• Mosquito infestations and transmission of diseases such as dengue fever have been difficult problems for urban and rural residents in Zhejiang Province (1). Control of mosquito breeding through environmental management has long been considered effective (2-3), but construction of rural health infrastructure has lagged behind that of urban areas (4). The initial stages of construction include sanitary toilets, rivers, and drainage systems, and proper disposal systems for household garbage, sewage, and livestock are largely inadequate. Furthermore, villagers are influenced by a lack of health education and awareness and may have resultingly poor health habits and behaviors. Together, these factors may contribute to large mosquito breeding in rural areas.

    To solve the challenges of mosquito breeding in rural areas, Zhejiang Center for Disease Control and Prevention (Zhejiang CDC) explored a new model of localized mosquito control in rural areas. In 2018, the first model village of sustainable mosquito control (also known as a “mosquito-free village” or MFV) in Zhejiang Province was successfully piloted in Xuexiazhuang Village, Hangping Town, Pujiang County (5). The construction of an MFV is an innovative initiative of vector control in rural areas and is being implemented in 72 villages across 11 cities in Zhejiang Province.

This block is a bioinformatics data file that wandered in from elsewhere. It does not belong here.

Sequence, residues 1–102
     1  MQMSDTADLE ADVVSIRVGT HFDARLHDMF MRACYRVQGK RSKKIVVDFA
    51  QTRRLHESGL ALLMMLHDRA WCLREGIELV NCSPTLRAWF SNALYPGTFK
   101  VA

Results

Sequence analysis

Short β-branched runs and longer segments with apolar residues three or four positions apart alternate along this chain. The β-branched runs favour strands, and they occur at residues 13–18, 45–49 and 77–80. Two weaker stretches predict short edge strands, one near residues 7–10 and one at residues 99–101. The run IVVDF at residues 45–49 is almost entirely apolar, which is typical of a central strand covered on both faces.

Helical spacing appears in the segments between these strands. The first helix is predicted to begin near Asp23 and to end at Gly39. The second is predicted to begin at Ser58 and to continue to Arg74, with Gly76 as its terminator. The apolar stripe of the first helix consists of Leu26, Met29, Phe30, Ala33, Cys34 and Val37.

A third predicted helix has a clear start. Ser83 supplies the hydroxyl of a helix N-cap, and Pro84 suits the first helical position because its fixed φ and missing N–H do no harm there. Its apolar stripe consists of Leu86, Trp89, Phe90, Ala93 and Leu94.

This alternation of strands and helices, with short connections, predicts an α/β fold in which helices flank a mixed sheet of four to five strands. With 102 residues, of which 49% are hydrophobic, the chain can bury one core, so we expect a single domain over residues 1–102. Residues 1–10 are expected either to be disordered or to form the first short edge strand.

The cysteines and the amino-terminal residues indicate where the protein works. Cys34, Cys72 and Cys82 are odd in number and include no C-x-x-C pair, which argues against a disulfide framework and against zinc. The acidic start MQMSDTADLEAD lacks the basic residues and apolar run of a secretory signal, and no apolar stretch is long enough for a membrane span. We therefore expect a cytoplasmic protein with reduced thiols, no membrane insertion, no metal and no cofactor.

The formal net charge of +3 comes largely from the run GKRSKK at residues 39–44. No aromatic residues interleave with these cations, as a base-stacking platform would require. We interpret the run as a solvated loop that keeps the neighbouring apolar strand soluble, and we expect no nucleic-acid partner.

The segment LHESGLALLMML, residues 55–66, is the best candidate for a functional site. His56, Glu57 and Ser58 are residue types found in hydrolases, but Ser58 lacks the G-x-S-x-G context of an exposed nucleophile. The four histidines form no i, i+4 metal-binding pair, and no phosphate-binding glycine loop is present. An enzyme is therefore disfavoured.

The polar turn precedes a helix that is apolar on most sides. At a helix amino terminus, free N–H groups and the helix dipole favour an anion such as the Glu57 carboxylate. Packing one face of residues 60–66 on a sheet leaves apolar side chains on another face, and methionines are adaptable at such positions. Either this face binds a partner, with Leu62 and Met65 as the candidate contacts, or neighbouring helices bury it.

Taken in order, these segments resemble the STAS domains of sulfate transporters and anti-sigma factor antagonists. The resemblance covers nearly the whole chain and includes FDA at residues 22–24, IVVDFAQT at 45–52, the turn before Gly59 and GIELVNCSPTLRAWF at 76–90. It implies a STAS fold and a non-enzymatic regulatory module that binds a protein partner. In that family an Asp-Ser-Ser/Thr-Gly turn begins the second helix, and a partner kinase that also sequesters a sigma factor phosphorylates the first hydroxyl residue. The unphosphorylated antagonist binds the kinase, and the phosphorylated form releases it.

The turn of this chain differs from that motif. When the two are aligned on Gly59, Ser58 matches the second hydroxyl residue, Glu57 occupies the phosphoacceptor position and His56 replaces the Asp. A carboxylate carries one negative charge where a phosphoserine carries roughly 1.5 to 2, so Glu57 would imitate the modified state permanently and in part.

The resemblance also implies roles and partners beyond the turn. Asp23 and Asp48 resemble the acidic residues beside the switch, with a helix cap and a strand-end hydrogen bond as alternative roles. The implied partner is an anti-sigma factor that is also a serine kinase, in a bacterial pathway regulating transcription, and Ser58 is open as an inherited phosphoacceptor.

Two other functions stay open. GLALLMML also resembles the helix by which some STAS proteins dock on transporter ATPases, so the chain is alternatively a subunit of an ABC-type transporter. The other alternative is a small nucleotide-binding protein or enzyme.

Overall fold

• The goal of constructing MFVs is to implement mosquito control and elimination work through stages based on scientific principles. With the guidance of technical departments in Zhejiang Province such as local CDCs, village committees set up management organizations to publicize mosquito-control work and health education and then lead all villagers to participate in specific mosquito-control activities that are localized to each village’s conditions. The health administration mostly provides financial and political support.